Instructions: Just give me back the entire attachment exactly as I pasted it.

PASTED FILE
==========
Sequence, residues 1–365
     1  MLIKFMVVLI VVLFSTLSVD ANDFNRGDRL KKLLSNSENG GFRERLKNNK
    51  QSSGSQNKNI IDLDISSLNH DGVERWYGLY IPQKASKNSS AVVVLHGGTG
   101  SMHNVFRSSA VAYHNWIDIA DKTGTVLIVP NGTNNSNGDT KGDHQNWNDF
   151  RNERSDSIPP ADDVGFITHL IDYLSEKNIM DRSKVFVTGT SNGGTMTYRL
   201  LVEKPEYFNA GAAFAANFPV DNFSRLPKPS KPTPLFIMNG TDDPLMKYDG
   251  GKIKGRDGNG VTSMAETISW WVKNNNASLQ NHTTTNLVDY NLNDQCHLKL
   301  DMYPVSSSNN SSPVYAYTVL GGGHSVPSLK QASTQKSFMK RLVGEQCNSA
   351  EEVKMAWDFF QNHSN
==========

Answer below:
Sequence, residues 1–365
     1  MLIKFMVVLI VVLFSTLSVD ANDFNRGDRL KKLLSNSENG GFRERLKNNK
    51  QSSGSQNKNI IDLDISSLNH DGVERWYGLY IPQKASKNSS AVVVLHGGTG
   101  SMHNVFRSSA VAYHNWIDIA DKTGTVLIVP NGTNNSNGDT KGDHQNWNDF
   151  RNERSDSIPP ADDVGFITHL IDYLSEKNIM DRSKVFVTGT SNGGTMTYRL
   201  LVEKPEYFNA GAAFAANFPV DNFSRLPKPS KPTPLFIMNG TDDPLMKYDG
   251  GKIKGRDGNG VTSMAETISW WVKNNNASLQ NHTTTNLVDY NLNDQCHLKL
   301  DMYPVSSSNN SSPVYAYTVL GGGHSVPSLK QASTQKSFMK RLVGEQCNSA
   351  EEVKMAWDFF QNHSN